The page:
“According to eyewitnesses, the lights were turned on everywhere and the destruction of the prayer house began,” Baptists complained to Forum 18. About 11pm, two lorries arrived. The men in military clothing began removing “literally everything” from the building, including the pulpit, the communion chalice, the amplification system, musical instruments, radiators and all the kitchen equipment. They took this away in the lorries.

The intruders also vandalised the building, breaking down internal doors and damaging windows, electrical fittings and lino.

The following day, on discovering the damage, church members went to the police and the head of the town administration, Sergei Zhevlakov. They were promised answers within two weeks.

Asked about the vandalism of the church, Zhevlakov told Forum 18 on 3 August that “this is not within our competence”. He then put the phone down.

An officer of the State Security Ministry in Stakhanov, who refused to give his name, told Forum 18 on 3 August that the investigation was being conducted by the police, not by the State Security Ministry. Asked why a raid by men in military uniform was not an issue for his agency, he replied: “Who said they were in military uniform? The Baptists weren’t there.”

Asked if the Baptists are allowed to meet for worship in the vandalised house, the officer responded: “They’re not banned as long as they have registration.”

The duty police officer in Stakhanov told Forum 18 on 7 August that town police chief Colonel Sergei Cherkayev was on leave. He referred questions to his deputy Lieutenant Colonel Mikhail Kutsov. However, his phone went unanswered.

Nagolno-Tarasovka: Worship banned, pastor fined

On 22 October 2017, police banned the Baptist Union church in the village of Nagolno-Tarasovka near Rovenki from continuing to meet for worship. The church had met since 2010 in a home. Officers claimed that conduct of worship represented “unauthorised public gatherings and public events among the population”.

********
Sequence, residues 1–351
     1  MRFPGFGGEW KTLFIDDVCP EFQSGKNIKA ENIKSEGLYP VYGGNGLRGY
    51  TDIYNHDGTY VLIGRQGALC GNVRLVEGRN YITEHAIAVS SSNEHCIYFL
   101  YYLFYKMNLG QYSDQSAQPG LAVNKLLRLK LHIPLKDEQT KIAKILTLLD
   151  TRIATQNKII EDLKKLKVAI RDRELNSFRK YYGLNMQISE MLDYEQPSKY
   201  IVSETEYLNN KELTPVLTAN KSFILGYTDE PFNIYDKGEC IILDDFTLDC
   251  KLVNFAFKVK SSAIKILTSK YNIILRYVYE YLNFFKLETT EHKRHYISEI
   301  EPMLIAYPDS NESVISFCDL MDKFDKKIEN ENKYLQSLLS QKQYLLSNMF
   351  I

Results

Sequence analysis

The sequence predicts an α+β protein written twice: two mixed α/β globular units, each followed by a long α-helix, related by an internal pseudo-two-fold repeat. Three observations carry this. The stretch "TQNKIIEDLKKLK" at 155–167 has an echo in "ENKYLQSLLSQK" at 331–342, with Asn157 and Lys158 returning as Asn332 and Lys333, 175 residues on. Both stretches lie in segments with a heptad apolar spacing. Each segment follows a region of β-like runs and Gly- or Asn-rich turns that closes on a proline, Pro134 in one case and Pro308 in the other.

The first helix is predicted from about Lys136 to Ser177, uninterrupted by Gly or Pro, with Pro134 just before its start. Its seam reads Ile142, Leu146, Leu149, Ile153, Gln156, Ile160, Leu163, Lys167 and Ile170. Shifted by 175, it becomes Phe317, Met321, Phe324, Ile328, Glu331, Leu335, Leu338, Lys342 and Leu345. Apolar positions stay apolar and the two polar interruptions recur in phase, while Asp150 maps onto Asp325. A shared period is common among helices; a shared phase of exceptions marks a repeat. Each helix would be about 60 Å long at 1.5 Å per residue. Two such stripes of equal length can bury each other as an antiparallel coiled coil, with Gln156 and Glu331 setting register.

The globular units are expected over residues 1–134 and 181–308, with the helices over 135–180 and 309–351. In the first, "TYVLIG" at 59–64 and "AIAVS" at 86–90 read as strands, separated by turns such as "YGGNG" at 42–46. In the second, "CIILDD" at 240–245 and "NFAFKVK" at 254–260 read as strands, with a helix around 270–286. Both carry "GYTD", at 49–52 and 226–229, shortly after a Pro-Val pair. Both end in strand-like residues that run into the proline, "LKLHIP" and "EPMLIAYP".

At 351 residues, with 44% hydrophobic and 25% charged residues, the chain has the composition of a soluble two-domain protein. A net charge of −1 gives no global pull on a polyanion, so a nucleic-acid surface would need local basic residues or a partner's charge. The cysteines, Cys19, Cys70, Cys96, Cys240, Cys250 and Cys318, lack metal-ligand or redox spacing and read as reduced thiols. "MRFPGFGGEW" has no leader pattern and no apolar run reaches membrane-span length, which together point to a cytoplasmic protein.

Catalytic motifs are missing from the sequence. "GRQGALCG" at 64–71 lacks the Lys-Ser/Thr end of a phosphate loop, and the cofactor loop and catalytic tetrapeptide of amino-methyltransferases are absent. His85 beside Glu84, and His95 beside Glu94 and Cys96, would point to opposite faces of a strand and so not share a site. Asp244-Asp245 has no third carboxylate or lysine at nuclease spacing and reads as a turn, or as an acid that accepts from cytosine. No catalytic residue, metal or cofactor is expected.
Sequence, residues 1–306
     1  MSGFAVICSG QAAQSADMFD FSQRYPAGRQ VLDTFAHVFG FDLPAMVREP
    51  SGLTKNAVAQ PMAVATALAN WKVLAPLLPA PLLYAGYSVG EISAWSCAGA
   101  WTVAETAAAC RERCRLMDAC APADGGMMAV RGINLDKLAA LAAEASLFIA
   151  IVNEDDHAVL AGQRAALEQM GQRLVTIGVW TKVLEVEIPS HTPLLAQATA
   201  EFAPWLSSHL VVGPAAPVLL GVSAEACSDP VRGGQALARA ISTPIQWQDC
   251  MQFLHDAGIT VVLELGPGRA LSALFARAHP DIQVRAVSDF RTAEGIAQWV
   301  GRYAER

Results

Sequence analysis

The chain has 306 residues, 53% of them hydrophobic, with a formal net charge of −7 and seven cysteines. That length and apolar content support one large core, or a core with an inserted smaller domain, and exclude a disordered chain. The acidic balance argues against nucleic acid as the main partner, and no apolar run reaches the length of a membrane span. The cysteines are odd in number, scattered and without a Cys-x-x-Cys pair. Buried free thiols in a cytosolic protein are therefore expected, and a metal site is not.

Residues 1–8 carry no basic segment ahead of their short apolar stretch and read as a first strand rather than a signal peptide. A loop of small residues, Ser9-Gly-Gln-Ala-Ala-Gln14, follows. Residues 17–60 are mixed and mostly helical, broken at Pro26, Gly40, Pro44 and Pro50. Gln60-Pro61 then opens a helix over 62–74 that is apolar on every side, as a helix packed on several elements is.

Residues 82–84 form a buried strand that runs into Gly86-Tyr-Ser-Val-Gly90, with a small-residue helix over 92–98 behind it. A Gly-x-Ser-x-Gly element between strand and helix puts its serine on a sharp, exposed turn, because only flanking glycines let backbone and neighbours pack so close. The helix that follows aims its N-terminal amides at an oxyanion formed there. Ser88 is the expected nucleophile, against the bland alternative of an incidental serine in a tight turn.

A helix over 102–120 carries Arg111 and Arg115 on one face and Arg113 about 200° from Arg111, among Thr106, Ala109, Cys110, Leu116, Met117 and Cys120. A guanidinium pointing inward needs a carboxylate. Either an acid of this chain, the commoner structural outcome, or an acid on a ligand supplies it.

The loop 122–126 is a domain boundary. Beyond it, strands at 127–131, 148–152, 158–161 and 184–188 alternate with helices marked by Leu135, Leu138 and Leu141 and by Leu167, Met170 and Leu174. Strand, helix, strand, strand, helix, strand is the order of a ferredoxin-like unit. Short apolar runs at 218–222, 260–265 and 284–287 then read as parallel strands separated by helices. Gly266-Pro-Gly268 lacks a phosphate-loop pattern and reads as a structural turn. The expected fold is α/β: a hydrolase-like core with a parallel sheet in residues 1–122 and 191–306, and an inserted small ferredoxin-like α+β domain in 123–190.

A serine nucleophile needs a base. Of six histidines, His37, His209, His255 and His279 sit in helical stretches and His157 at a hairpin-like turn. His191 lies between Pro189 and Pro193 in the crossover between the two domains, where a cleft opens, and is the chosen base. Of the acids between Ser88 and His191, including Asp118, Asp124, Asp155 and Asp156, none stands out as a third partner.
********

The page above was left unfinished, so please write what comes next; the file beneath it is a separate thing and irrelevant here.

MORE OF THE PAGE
Police prepared administrative cases against the church’s pastor, Vasily Logvinenko. Judge Svetlana Dermenzhi of Rovenky City Court fined him 5,000 Russian Roubles. In a separate case in 2018, Judge Yelena Sen of the same court also fined Pastor Logvinenko 5,000 Russian Roubles, Baptists told Forum 18.

Chervonopartizansk: Jehovah’s Witness fined for home meeting

On 14 October 2017, Jehovah’s Witness Vladimir Safarov was meeting with up to 30 others behind closed doors in a flat in the town of Chervonopartizansk [official Ukrainian name Voznesenivka] belonging to an 84-year-old. They were meeting for “friendly association, prayer and Bible reading”, Safarov insisted.

Police and State Security Ministry officers raided the flat during the meeting, recording all those present on video and seizing “personal items with no procedural documents”.

Officers then took four of those present, including Safarov, to the police station, according to the subsequent court decision seen by Forum 18. Officers pressured the four to sign statements prepared by the police, even though they disagreed with what the police had written. Safarov later told the court that being “severely intimidated by the aggressive actions” of the police and State Security Ministry officers, he reluctantly signed the statement, even though he did not agree with it.

A case was brought against Safarov under local Administrative Code Article 20.2, Part 1 (“Violation by organisers of public events of the established procedure for organising or conducting gatherings, meetings, demonstrations, processions or pickets”).

On 27 November 2017 at the District and Regional Court in Sverdlovsk [official Ukrainian name Dovzhansk], Judge Lyudmila Skaliush found Safarov guilty, according to the decision seen by Forum 18. She fined him 5,000 Russian Roubles.

Safarov did not acknowledge any guilt, arguing that the meeting was private and was a meeting of friends not linked to any organisation.

Present in court as a “specialist” was Andrei Litsoev, head of the Religious Organisations and Spirituality Department of the Culture, Youth and Sport Ministry in Luhansk. He insisted that all meetings require permission, regardless of what organisation is holding them, and police and security agencies need to be informed. He set out registration requirements, adding that “conducting any events of a religious nature on private land is impermissible”.